Here are 10 important things to know about today’s digital learners:

1. The next step: self-directed mobile learning. There are twice as many students with Chromebooks now than there were in 2014. Students in grades 6-12 are using mobile devices to self-direct learning, including doing online research (84 percent), looking up class information (59 percent), creating shareable documents (54 percent), emailing teaching questions (47 percent), setting due date reminders (43 percent), and taking notes (40 percent).

2. Changing rules regarding school technology. In 2011, 50 percent of students said they couldn’t access social media at school. Today, only 38 percent have the same complaint. In 2011, 32 percent of students said school internet was too slow; 53 percent say that is a big problem now. Forty-two percent of students say too many rules at school limit technology use.

3. A new generational divide among students. Thirty-seven percent of students in grades 6-8 say they are playing online or digital games for learning purposes at least weekly; only 1/4 of high school students say the same. The top benefit of learning games, as indicated by students, is that they challenge students to think more than other class activities.

4. Learning online is more available. Middle school students say they are very interested in online learning. Their wish lists for online classes include study skills (58 percent), art appreciation (58 percent), world languages (56 percent), career tech ed (51 percent), and computer science (47 percent).

5. Getting the news, the student way. Students say they most often use a mobile app to get news alerts, and they read a print news story least often. Only 41 percent of students say they know how to detect bias in what they read online or evaluate information accuracy.

6. The internet is an all-purpose study guide. Seventy-nine percent of high school students use the internet at least once a week to support homework and school assignments (48 percent use it daily), even though only 29 percent of high school teachers are assigning internet homework weekly. And where do students go online? At home (79 percent), on campus before/after hours (50 percent), at a fast food or coffee shop (28 percent), and the public library (20 percent).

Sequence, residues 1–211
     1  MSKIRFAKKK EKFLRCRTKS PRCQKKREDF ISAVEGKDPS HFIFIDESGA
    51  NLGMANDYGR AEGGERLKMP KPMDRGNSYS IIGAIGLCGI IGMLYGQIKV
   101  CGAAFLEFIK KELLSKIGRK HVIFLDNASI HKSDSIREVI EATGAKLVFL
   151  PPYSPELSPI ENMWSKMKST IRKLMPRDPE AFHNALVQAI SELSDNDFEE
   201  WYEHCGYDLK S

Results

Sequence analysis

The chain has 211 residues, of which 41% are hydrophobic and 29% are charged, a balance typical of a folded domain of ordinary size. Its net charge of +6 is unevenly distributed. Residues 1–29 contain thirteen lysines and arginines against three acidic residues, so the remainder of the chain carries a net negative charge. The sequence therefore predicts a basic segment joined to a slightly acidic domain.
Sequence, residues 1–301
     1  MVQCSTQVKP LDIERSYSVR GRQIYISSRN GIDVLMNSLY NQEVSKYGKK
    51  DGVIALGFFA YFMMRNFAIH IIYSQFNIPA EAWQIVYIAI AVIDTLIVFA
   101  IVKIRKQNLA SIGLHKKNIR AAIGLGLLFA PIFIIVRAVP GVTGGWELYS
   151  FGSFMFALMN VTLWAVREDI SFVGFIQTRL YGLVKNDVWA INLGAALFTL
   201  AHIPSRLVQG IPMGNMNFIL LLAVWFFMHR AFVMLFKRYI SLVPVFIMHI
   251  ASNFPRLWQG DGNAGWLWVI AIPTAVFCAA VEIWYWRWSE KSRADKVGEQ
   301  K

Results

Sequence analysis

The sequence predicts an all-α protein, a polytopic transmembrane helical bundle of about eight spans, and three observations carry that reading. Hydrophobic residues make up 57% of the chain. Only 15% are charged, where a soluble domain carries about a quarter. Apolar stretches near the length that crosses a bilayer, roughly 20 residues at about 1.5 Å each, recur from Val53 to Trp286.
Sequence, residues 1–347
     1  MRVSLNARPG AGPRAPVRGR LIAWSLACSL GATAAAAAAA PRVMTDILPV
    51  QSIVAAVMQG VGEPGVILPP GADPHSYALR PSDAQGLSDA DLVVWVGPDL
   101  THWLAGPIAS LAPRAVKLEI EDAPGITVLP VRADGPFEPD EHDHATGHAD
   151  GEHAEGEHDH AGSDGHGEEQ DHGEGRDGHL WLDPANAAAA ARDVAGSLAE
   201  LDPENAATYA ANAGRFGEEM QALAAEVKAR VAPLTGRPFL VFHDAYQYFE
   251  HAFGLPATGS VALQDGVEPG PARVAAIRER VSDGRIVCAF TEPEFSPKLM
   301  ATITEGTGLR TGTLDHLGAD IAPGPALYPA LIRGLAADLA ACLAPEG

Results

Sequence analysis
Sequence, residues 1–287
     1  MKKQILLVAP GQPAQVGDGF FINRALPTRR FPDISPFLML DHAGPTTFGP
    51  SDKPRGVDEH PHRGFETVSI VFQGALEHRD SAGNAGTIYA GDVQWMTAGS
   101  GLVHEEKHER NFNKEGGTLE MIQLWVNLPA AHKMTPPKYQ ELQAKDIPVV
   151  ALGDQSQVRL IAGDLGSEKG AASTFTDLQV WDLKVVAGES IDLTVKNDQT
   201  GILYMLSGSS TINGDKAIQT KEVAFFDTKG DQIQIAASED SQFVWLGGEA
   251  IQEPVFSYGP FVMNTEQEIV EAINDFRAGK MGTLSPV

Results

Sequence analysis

7. Student-teacher conference. Two-thirds of students say teachers should just talk to them in class, and just 28 percent say a text is best.

8. coding for the future. The majority of students are interested in coding, but boys are ahead–66 percent of boys and 58 percent of girls in grades 3-8 want to learn to code. By high school, only 50 percent of girls say the same. Thirteen percent of elementary students say they are already coding.

9. Summer camps give way to online videos. More than one-third of students say they want to learn about future jobs and careers via online courses, digital games, online videos, and social media. Students showed decreasing interest in summer camps, after-school programs and student competitions.

10. Technology and learning is the future. Students say that learning how to use technology is important for their future (51 percent), and that learning and using technology results in college- and career-ready skills like creativity (46 percent), collaboration (48 percent), and problem solving (41 percent). Students also use technology more often for learning outside of school than in school (56 percent).

About the Author:

Laura Ascione

Laura Ascione is the Managing Editor, Content Services at eSchool Media. She is a graduate of the University of Maryland's prestigious Philip Merrill College of Journalism. When she isn't wrangling her two children, Laura enjoys running, photography, home improvement, and rooting for the Terps. Find Laura on Twitter: @eSN_Laura http://twitter.com/eSN_Laura